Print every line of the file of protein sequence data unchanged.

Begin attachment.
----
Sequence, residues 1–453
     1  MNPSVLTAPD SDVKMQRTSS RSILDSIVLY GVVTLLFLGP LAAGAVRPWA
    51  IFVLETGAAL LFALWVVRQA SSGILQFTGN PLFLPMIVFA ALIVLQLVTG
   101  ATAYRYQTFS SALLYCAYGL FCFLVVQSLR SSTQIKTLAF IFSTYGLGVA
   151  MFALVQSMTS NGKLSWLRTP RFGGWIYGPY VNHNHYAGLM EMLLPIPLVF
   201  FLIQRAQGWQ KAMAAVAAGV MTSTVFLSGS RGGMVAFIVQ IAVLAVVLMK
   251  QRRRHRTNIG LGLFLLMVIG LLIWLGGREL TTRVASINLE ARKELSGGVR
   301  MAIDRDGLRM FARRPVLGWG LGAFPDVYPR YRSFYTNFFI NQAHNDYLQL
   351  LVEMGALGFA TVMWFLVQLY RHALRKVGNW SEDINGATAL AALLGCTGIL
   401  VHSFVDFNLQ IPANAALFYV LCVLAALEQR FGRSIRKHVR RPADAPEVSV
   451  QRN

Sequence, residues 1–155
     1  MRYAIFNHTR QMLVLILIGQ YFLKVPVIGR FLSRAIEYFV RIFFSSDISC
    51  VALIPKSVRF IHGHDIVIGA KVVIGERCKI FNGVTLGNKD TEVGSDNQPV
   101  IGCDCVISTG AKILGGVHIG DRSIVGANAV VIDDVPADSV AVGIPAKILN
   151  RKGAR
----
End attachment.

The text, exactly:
Sequence, residues 1–453
     1  MNPSVLTAPD SDVKMQRTSS RSILDSIVLY GVVTLLFLGP LAAGAVRPWA
    51  IFVLETGAAL LFALWVVRQA SSGILQFTGN PLFLPMIVFA ALIVLQLVTG
   101  ATAYRYQTFS SALLYCAYGL FCFLVVQSLR SSTQIKTLAF IFSTYGLGVA
   151  MFALVQSMTS NGKLSWLRTP RFGGWIYGPY VNHNHYAGLM EMLLPIPLVF
   201  FLIQRAQGWQ KAMAAVAAGV MTSTVFLSGS RGGMVAFIVQ IAVLAVVLMK
   251  QRRRHRTNIG LGLFLLMVIG LLIWLGGREL TTRVASINLE ARKELSGGVR
   301  MAIDRDGLRM FARRPVLGWG LGAFPDVYPR YRSFYTNFFI NQAHNDYLQL
   351  LVEMGALGFA TVMWFLVQLY RHALRKVGNW SEDINGATAL AALLGCTGIL
   401  VHSFVDFNLQ IPANAALFYV LCVLAALEQR FGRSIRKHVR RPADAPEVSV
   451  QRN

Sequence, residues 1–155
     1  MRYAIFNHTR QMLVLILIGQ YFLKVPVIGR FLSRAIEYFV RIFFSSDISC
    51  VALIPKSVRF IHGHDIVIGA KVVIGERCKI FNGVTLGNKD TEVGSDNQPV
   101  IGCDCVISTG AKILGGVHIG DRSIVGANAV VIDDVPADSV AVGIPAKILN
   151  RKGAR